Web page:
Domain Rating (DR) is one of Ahrefs’ most prominent metrics, and it has recently undergone an algorithm change that affected every website in its database. Before we get too in detail about domain rating and the new algorithm, let’s take a look at Ahrefs.
What is Ahrefs?
Ahrefs is a data company that companies use to track and check backlinks, amongst many other SEO metrics. Ahrefs collects, processes and stores data to which it applies a number of tools and offers to companies to incorporate in building and executing their marketing strategies.
Ahrefs rakes the web for big data, or giant indexes of information that can be scrolled by analytical algorithms for key consumer insights. The data stored in Ahrefs is pulled from 6 billion pages, 200 million root domains, 20 petabytes of storage, 12 trillion links, 3 trillion URLs and 15,000 CPU cores.
How accurate is Ahrefs?
On top of the mass amount of pulled from the web, the Ahrefs index is updated every 15-30 minutes. To ensure there is always information from which to extract analysis, Ahrefs crawls its 6 billion web pages every 24 hours – that’s about 200 million pages per hour.
Ahrefs ranks second only to Google, deeming it one of the best, most reliable bots and one that performs better than Bing, Yahoo, Yandex and other high-performing search engines and bots.
Which elements does Ahrefs track?
Ahrefs measures the metrics of the following SEO metrics: URL Rating, Domain Rating, Ahrefs Rank, Live & Fresh Index, Keyword Difficulty, Search Volume, and Organic Search Traffic.
Today, we’re focused on Domain Rating and its recent algorithm change. If you have questions about other Ahrefs metrics and how to apply them to your marketing strategy, don’t hesitate to reach out to our team at Executive Digital for a thorough explanation.
Let’s take a look at how the new Domain Rating algorithm will look.
What is Domain Rating?
Domain Rating (DR) reflects a website’s backlink profile. Its metric moves on a scale from 1 to 100, 1 being the weakest and 100 being the strongest. A high DR score carries more weight, which makes it more desirable for other sites to build from. As some websites accrue a higher score, previously high-scoring sites see a drop in their rank. This is not because the latter site is at fault or doing anything wrong; rather, the score is being justly applied to each site. The biggest change in the DR algorithm for many sites is their score dropping (maybe plummeting) from a number that has been refined to reflect more weight in its position.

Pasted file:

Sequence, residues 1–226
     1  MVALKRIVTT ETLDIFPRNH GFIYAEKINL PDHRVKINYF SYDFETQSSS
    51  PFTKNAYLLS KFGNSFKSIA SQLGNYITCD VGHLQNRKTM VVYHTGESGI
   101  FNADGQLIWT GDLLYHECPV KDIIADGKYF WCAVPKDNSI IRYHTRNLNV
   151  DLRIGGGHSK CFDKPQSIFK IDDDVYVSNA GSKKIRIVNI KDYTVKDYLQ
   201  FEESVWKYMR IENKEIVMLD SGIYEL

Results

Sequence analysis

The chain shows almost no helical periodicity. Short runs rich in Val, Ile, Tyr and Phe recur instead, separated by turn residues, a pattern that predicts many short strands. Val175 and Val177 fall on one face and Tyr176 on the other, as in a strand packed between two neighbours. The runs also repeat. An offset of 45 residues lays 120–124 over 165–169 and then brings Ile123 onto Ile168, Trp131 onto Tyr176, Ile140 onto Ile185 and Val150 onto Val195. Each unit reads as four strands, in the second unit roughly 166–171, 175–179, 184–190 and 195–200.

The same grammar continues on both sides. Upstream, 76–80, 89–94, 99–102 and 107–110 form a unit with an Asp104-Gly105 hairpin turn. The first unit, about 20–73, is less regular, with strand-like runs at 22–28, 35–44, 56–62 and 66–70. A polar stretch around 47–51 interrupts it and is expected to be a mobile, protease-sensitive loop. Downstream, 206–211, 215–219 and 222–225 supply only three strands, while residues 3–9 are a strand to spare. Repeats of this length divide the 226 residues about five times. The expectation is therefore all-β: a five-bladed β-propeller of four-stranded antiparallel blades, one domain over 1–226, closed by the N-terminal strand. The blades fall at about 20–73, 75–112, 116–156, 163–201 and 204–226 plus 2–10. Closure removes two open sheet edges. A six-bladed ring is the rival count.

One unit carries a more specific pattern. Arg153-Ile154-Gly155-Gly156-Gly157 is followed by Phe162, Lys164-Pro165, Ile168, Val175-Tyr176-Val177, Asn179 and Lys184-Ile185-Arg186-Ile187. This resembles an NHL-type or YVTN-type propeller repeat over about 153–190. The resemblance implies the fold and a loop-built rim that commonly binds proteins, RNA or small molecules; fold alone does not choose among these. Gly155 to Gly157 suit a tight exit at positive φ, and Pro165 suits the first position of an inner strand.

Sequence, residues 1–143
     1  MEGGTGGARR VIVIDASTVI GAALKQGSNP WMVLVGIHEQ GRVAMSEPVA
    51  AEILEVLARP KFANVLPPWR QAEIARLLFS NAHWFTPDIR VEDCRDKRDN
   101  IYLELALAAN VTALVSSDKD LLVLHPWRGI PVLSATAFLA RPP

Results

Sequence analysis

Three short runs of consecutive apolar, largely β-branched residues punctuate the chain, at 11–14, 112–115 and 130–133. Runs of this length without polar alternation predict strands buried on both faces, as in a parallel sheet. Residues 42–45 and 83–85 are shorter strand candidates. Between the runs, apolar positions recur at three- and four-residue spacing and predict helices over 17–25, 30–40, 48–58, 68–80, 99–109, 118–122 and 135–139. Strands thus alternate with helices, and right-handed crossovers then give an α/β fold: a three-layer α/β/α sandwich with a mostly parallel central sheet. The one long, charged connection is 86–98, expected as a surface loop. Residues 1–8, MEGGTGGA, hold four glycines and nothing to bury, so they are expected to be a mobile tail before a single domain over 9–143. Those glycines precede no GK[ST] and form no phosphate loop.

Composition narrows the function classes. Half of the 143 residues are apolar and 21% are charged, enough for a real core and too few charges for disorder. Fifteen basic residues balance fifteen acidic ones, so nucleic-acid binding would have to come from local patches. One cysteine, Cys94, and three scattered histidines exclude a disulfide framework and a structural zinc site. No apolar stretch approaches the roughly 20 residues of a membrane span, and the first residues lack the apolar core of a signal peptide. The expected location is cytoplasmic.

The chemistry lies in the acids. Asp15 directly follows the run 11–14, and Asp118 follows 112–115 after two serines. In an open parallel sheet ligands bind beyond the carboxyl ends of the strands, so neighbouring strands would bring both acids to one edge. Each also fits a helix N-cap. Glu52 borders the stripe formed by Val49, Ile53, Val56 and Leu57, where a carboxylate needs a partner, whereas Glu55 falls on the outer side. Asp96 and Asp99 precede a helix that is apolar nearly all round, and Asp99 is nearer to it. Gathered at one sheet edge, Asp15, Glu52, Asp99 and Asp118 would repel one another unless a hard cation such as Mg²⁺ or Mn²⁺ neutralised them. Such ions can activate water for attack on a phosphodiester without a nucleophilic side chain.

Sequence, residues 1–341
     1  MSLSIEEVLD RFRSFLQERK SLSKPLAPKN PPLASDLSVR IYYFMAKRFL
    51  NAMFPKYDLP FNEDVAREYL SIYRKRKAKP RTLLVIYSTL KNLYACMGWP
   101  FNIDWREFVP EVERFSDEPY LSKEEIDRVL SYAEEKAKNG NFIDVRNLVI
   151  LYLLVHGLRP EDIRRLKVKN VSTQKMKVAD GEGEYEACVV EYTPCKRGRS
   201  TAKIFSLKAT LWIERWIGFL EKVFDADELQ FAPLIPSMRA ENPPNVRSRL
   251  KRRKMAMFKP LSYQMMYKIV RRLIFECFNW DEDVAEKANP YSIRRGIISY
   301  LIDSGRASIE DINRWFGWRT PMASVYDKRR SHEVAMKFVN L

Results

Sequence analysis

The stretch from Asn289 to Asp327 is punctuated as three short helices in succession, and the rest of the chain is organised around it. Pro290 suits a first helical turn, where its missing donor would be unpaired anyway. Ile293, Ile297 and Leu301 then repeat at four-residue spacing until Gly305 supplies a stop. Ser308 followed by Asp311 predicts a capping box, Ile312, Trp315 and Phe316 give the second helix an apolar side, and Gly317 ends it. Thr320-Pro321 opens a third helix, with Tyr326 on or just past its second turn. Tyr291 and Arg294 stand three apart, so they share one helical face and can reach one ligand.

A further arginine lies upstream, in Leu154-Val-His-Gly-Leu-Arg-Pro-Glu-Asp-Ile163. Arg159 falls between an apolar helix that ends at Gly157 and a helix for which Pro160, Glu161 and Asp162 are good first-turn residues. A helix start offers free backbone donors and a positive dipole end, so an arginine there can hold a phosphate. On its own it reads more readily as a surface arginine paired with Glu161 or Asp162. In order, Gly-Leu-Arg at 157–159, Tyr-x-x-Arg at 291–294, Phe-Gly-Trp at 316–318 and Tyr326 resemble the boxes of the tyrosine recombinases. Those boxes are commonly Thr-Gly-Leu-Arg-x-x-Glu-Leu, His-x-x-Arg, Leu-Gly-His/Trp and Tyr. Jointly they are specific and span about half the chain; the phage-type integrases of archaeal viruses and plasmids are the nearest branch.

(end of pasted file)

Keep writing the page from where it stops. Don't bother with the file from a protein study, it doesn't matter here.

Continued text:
How is DR calculated?
A Domain Rating is scored by surveying the number of unique domains that carry minimum of 1 nofollow link to the target website; analyzing the DR values of the linking domains; determine the number of unique domains that the linking domains link to; calculating a raw score; finally, placing the score on 1-100 scale.
As mentioned before, external factors can effect a company’s DR score, so a drop isn’t always reflective of a poor company or marketing decision. Competitor websites improving their tactic and earning higher rankings can result in a DR score drop as can an external linking domain linking out to a generous number of sites (resulting in a lower quality link).
What about linking to spammy sites?
Something to look out for when collecting linking domains is a website with many backlinks and a low score. Why? A low score isn’t necessarily reflective of a spammy site; rather, it might be a new website without the time on the inter web to collect backlinks and make a name for itself. On the other hand, a website with many links and a low score indicates a number of weak links. This is a website you likely do not want to utilize as a linking domain because its association will not pull much weight with you. Under the new algorithm, there is more transparency with spammy sites – look out for them.
Can I transfer my DR to a subdomain?
The updated algorithm does not allow Domain Ratings to be transferred, as many sites can be launched by random, unrelated representatives. If DRs could be transferred from one web-host to its subdomain, undeserved DR numbers would be too frequently achieved, untidying the rating system for everyone.
Does Google use anything like DR?
Google only rates individual pages, meaning that the overall rating of a website has less weight when it comes to searching rankings. A great way to boost search rankings with a low-rated overall website is to boost each individual page’s rating.
Ahrefs’ DR algorithm change is an example of one recent change in the bots’ data collection and analysis. As with all technology, algorithms are consistently evolving to best serve the consumer and deliver you the best information and insights possible.
Understanding big data insights and applying them to your marketing strategy can be revolutionary in your business development and growth. The first step in incorporating bots and robot metrics in your strategy is learning about them.
If you want to get to know the ins and outs of metric systems such as that of Ahrefs, reach out to our team at Executive Digital. A free consultation will allow us to analyze the status of your SEO elements and determine the best point of entry for developing your strongest marketing approach.
Our team can also help if you already utilize bot metrics, but are outgrowing your projections and find yourself in need of outside assistance.
Whatever your needs are, Executive Digital is here to help. We look forward to working with you.